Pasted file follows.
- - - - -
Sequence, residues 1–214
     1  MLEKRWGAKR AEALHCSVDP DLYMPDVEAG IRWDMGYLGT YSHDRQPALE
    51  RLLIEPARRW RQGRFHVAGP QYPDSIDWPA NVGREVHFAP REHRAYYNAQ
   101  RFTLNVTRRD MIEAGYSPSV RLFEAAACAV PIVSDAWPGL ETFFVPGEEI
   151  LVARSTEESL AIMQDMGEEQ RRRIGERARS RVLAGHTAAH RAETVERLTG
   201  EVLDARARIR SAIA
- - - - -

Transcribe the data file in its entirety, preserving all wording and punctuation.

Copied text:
Sequence, residues 1–214
     1  MLEKRWGAKR AEALHCSVDP DLYMPDVEAG IRWDMGYLGT YSHDRQPALE
    51  RLLIEPARRW RQGRFHVAGP QYPDSIDWPA NVGREVHFAP REHRAYYNAQ
   101  RFTLNVTRRD MIEAGYSPSV RLFEAAACAV PIVSDAWPGL ETFFVPGEEI
   151  LVARSTEESL AIMQDMGEEQ RRRIGERARS RVLAGHTAAH RAETVERLTG
   201  EVLDARARIR SAIA